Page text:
5. Noa, are you familiar with any of Philip Johnston’s practice strategies? I use them and numerous variations with students to turn practicing into a “game.” In general, the concept is to give the student the motivation to produce mistake-free repetitions. I find that it tempers my emotional response to carelessness or lack of focus. Instead of “No!” I just move the marker back a space or subtract points from our total.

    1. Hi Rebecca,

      That sounds interesting, and no, I haven’t come across that before. Is there a link you might be able to share or something to read online that might be helpful to start with?

      1. Jennifer gave the site. I think the games I use came from his kid’s book Not Until You’ve Done Your Practise. My go-to ones are the card game and invisible dice. For the card game, you draw 4 cards to determine the number of points needed to win. (Face cards are 10. Aces are 20.) Then you draw another card. If you play the selection correctly, you win the card toward your points. If you make a mistake, the card is added to the “goal” pile. I like to let cards cancel out whenever possible. Some math-astute students have done a little fancy exchanging when the values don’t work out neatly.

        For invisible (or imaginary) dice, the goal is 30 points. You are going to roll 2 dice and play for that number of points. A mistake gives you negative points. Since the dice are invisible, the student gets to pick the number.

        I highly recommend the short but informative chapter How to Practise Three Hours a Day and Sound Really Really Bad.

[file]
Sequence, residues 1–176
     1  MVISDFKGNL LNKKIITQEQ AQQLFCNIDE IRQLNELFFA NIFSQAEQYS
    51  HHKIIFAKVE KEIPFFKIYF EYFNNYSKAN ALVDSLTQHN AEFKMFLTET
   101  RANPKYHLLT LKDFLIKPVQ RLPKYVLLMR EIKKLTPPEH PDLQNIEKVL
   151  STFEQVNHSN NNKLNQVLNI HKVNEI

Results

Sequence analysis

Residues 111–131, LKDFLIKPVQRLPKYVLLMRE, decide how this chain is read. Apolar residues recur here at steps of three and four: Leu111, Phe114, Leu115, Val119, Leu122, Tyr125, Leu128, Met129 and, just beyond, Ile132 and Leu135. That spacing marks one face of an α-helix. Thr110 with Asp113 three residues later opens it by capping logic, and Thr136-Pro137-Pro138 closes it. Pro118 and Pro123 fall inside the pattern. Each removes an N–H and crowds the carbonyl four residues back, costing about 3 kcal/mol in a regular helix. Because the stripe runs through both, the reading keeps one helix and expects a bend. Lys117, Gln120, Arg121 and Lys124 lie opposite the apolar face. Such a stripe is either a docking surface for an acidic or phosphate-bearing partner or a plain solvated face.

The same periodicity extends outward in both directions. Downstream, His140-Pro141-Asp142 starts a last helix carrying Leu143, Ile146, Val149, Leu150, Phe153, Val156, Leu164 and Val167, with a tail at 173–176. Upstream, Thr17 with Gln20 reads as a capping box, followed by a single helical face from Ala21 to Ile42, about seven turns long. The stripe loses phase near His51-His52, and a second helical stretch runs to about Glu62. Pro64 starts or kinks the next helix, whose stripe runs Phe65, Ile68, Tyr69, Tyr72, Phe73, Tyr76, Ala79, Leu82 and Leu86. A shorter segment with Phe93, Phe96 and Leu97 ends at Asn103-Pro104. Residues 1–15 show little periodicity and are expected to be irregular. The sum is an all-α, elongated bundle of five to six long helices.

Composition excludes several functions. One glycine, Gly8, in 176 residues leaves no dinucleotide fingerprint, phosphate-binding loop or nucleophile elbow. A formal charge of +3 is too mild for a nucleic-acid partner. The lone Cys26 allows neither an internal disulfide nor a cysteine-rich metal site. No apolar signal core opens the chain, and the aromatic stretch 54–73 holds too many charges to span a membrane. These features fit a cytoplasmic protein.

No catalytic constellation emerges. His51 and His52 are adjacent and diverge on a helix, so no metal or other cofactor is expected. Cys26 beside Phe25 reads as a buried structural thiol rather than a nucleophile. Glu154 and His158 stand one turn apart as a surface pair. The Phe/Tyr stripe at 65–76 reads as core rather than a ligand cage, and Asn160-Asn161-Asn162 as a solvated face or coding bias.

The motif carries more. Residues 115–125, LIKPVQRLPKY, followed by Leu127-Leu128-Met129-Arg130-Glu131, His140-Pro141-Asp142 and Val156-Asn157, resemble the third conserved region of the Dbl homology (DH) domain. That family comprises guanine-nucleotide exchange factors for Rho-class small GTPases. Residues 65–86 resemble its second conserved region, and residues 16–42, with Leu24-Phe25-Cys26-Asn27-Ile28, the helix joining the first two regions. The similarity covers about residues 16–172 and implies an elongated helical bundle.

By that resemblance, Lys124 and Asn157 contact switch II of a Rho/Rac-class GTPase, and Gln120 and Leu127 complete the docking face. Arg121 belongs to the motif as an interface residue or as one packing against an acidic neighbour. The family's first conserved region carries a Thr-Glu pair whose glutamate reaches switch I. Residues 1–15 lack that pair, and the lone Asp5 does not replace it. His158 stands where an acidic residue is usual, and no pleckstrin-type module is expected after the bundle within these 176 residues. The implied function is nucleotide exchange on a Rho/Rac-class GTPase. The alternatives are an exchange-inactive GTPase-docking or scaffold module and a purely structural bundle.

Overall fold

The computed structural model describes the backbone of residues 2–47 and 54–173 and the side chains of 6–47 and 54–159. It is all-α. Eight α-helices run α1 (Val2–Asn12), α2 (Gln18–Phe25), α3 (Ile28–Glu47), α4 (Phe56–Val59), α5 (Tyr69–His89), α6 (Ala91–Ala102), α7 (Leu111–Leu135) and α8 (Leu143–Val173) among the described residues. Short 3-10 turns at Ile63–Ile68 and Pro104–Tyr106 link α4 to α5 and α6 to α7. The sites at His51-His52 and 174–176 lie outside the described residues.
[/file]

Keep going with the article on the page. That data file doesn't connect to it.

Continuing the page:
6. Just a comment from basic dog obedience training a L O N G time ago. (Maybe techniques have moved on since then.) Actually our jr. hi age daughter was the “trainer” for 2 of our dogs (one at a time) at a community ed high school gym. Maybe 20 or so dogs of every type & size in one big circle, and the pro trainer with his “student” dog in the center. He was adamant: “If your dog misbehaves, doesn’t respond correctly, maybe runs all over instead of obeying a command, NEVER [I repeat, “NEVER”] scold, reprimand, or punish. Just continue working on the command, and praise the dog when he/she catches on correctly. The pro trainer was very strong (a bit rough at times) in working with his own dog, but never abusive. The main idea of basic obedience training was to sensitize the dog to the owner’s tone of voice.

    1. Two points: Coming from a decidedly ‘humanistic approach – to my music therapy practice – I also use authentic praise when a client achieves a task correctly, and I avoid negative responses. In working with a piano student who was on the autism spectrum, I’d found early on that even slight attempts at correction were met with alarm, so I adjusted and only responded with positive input when some aspect of the task was completed correctly. (Certain factors – such as rhythm – were too difficult for the student to even deal with, so I dropped most expectations and assistance in getting that part correct. (I’m not sure if the following applies, but the saying, “It’s not what you say or do, but how you make the other person feel,” seems to apply – and empathy is tops – in my approach.